Most of the time we lived in Manila, but we often visited the Calatagan hacienda. At home, we spoke Spanish and in school, English; but in Batangas, we spoke Tagalog.

At the hacienda, my father gave hunts during the Holy Week. Only top American officials were invited to the one-week hunt. For one week every year, from the town all the way down to the Farola, approximately 10,000 deer and 100 wild cattle (known locally as bakang simaron) were fair game. We only had deer during the Holy Week.”

Racial Remembrances

But to understand the dynamics of society in the prewar days requires the reality every Filipino had to live with: which was, the reality of an alien sovereignty and the inevitable tensions it would bring.

In a documentary that was shown over a decade ago, the late Emmanuel Pelaez, former vice-president, recounted how, as a young student before World War II, he had been bodily thrown out of the Army-Navy Club, which was for whites only and off-limits to Filipinos. This, at a time when the country was already a Commonwealth. An ironic story when you consider how Pelaez was mocked in 1963 for making speeches denying he was a mestizo; to think he felt uncomfortable about being too white and yet suffered indignities at the hands of people who certainly felt he wasn’t white at all!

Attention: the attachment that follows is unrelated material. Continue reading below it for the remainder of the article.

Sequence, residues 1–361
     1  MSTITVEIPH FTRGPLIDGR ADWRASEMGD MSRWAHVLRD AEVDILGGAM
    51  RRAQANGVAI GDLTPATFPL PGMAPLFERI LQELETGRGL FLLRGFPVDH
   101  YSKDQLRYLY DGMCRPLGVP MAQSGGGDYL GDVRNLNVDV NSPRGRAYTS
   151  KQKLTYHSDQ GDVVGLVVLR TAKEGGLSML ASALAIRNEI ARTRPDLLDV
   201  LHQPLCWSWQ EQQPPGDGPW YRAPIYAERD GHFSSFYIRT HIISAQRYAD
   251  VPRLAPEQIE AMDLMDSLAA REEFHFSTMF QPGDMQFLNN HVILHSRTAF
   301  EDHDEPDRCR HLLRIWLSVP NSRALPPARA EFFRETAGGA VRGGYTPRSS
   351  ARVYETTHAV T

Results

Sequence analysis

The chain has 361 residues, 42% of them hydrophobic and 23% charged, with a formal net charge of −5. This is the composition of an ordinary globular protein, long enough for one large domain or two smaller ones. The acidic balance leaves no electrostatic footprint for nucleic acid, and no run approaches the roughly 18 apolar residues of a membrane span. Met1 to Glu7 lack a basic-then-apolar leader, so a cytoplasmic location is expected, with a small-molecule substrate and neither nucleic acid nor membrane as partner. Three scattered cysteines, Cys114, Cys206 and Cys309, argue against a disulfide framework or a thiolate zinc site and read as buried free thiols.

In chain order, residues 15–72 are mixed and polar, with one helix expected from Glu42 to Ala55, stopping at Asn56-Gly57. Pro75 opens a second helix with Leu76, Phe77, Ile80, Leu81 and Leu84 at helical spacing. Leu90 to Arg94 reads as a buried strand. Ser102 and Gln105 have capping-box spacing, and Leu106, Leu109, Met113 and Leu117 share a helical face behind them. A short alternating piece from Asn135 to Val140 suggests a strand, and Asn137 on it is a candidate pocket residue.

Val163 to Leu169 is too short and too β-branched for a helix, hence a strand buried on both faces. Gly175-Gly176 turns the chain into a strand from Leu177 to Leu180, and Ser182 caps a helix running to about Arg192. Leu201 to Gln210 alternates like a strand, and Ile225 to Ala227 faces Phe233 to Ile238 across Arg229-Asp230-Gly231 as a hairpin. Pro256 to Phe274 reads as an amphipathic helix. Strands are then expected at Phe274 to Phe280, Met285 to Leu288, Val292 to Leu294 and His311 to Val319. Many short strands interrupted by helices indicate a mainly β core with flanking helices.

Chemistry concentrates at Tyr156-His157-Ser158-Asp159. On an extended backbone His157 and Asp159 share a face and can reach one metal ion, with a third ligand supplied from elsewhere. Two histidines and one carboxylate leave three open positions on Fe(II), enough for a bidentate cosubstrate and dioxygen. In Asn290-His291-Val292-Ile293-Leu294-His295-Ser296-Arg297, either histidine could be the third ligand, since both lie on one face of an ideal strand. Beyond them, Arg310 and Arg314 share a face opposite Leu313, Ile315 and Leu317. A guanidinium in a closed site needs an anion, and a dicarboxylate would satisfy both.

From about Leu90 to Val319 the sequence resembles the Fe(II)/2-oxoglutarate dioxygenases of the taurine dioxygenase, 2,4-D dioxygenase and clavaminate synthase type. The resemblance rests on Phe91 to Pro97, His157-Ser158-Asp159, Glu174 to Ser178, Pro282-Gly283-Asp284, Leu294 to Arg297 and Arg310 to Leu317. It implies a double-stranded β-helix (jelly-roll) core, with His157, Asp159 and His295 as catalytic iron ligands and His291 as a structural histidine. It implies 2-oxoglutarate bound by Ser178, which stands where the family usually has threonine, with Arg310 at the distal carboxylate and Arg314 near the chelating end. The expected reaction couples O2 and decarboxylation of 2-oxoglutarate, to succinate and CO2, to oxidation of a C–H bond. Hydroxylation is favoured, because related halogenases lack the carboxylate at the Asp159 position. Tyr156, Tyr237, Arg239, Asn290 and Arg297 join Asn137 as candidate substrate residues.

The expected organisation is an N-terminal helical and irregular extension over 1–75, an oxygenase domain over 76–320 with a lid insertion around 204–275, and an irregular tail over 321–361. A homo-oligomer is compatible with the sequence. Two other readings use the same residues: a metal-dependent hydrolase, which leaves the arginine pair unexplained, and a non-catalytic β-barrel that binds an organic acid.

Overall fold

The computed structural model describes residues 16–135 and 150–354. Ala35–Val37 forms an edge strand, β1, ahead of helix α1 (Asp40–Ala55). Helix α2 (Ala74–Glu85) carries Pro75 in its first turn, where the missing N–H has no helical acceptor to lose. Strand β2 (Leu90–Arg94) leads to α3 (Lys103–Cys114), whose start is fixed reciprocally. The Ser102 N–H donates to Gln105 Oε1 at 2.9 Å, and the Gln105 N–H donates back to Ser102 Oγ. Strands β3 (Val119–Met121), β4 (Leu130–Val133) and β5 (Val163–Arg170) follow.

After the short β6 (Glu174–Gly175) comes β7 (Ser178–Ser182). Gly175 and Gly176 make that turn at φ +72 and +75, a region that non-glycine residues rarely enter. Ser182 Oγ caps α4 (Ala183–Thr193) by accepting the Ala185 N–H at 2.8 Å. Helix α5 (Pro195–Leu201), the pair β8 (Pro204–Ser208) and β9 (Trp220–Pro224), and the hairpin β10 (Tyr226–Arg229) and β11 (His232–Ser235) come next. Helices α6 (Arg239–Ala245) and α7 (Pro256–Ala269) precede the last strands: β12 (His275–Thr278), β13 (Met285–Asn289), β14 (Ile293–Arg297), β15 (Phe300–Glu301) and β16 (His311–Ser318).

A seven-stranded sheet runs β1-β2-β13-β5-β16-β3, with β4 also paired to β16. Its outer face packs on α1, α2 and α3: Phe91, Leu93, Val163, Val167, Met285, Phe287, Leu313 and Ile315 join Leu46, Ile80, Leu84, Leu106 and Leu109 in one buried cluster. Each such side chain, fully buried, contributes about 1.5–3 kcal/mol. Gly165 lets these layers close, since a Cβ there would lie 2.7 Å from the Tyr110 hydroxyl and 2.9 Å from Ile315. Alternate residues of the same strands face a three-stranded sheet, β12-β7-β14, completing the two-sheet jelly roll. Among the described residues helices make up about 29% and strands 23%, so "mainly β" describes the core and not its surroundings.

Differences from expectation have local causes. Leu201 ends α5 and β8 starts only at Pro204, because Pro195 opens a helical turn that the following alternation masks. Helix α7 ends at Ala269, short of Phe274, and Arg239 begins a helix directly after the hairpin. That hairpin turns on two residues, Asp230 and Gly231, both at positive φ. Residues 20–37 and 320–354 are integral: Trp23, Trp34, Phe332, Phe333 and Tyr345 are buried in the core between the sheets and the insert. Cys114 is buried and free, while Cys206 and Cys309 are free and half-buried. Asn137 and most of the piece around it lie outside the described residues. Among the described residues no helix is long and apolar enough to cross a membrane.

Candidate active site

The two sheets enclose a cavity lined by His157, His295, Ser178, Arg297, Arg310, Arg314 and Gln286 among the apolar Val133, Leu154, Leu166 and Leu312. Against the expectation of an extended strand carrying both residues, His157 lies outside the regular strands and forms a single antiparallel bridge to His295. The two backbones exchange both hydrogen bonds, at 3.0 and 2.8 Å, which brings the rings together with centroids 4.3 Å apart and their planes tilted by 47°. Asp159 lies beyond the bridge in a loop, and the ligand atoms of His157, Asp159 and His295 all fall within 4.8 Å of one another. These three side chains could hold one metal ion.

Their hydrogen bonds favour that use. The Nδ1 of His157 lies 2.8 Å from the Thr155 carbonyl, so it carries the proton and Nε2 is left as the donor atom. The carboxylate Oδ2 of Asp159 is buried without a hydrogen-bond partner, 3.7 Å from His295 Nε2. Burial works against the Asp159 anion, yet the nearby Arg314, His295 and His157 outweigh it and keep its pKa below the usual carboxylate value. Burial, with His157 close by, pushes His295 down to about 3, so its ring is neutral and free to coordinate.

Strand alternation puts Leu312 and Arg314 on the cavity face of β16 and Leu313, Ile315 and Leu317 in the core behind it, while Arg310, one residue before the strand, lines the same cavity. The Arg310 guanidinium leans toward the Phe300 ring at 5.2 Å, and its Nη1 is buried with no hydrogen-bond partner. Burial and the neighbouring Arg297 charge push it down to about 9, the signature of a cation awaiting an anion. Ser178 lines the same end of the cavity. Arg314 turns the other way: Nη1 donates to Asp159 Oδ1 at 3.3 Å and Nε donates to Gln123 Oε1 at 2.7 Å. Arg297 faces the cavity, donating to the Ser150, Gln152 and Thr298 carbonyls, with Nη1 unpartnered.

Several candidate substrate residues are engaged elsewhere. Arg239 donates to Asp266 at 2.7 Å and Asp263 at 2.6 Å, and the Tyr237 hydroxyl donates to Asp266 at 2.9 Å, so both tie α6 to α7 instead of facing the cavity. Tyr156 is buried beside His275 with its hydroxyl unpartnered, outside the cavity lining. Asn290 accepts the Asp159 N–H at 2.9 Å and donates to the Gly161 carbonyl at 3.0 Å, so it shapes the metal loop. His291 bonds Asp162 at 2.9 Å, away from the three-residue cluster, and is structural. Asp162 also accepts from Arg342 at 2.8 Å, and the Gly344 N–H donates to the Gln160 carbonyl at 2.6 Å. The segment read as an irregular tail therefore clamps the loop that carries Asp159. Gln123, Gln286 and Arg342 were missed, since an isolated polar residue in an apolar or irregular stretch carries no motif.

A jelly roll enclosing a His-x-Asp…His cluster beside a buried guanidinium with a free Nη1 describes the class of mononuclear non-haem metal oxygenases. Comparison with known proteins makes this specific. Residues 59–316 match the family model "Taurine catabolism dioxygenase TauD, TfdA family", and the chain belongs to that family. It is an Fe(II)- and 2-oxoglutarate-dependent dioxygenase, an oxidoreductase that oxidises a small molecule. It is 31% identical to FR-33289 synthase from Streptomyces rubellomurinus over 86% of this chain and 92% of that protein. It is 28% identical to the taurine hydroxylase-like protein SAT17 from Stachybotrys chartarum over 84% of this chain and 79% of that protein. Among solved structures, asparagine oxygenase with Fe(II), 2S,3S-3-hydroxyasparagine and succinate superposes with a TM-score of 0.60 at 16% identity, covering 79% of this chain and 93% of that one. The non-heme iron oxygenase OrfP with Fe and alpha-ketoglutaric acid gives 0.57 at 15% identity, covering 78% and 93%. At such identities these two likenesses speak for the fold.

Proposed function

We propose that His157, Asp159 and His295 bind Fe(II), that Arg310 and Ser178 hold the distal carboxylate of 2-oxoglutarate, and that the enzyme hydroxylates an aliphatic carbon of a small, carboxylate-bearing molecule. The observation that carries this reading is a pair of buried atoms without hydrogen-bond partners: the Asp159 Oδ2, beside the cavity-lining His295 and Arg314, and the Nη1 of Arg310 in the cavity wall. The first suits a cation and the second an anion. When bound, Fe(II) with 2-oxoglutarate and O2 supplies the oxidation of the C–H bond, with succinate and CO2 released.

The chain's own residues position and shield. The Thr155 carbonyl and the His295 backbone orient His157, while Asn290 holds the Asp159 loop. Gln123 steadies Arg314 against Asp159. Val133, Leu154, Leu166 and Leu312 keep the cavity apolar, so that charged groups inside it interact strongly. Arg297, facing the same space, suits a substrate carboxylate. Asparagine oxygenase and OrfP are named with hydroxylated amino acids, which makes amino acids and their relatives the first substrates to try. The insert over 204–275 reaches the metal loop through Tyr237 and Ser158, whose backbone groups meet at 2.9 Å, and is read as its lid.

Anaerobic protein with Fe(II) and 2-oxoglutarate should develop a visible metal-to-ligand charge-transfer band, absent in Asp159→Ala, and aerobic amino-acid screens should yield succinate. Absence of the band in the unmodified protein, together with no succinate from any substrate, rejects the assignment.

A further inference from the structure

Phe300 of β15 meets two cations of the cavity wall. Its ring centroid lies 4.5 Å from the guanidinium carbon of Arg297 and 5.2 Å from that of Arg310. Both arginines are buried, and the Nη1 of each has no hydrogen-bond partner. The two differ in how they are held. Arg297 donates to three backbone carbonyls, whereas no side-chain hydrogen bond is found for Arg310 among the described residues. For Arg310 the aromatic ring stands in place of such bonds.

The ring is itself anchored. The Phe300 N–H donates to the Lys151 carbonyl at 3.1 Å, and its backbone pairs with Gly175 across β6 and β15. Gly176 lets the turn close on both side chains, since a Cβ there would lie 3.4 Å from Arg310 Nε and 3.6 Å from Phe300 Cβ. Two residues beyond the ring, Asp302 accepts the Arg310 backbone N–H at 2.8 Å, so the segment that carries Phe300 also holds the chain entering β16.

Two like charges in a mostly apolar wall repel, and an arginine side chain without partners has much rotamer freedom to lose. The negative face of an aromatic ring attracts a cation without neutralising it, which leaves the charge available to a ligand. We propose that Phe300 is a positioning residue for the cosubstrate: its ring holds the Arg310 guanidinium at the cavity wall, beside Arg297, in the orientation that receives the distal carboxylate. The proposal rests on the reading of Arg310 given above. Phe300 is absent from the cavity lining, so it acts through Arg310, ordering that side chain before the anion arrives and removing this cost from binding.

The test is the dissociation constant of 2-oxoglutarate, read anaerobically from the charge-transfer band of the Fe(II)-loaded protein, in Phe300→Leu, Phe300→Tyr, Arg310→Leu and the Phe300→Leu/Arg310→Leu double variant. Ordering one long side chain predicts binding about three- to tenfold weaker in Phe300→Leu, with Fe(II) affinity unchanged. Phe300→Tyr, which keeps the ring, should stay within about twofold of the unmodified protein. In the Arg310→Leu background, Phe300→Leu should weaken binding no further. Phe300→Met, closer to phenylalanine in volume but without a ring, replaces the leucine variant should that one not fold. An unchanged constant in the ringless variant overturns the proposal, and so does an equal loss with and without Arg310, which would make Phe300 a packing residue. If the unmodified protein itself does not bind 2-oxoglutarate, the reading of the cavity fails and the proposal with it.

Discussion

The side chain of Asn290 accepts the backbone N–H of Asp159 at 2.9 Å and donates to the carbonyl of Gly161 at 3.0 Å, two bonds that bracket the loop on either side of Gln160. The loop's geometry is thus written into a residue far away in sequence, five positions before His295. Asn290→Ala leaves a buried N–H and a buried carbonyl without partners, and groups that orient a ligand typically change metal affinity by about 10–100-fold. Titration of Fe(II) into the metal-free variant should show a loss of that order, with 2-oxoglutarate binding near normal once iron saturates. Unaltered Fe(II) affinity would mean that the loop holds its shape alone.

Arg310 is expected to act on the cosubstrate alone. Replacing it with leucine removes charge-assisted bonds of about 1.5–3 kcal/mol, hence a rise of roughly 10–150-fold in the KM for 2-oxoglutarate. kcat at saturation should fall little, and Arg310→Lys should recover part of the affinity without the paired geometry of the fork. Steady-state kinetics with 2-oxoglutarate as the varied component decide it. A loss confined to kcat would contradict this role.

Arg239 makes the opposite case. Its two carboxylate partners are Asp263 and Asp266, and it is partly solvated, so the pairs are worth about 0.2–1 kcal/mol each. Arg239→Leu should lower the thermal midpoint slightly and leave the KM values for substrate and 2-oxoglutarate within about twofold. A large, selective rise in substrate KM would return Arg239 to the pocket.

But the point is, treatments like this at the hands of white men helped foster nationalism. And high society found that nationalism had an impact on their social lives.

That impact was felt in terms of sensitivity over racism, the bane of all colonies. Members of the Filipino upper class were particularly touchy about racial matters. One of them, Dr Victor Buencamino (the first Filipino veterinarian), who was sent by the United States government to study in America, noted that “the little incidents of discrimination against Orientals, particularly on the West Coast, rankled long in my mind.” In fact, a few years after his stint in the US, race riots would occur in California and legislation banning marriage between Filipinos and Americans would be passed.

Other things fostered Filipino nationalism. “In US classrooms [we] had to join other students in pledging loyalty [to the United States of America, one nation, indivisible, with liberty and justice for all]. This exercise evoked a strong wish among Filipino students to pledge loyalty to their own nation. Besides, distance and nostalgia had made [us] miss home badly,” wrote Buencamino in his memoirs.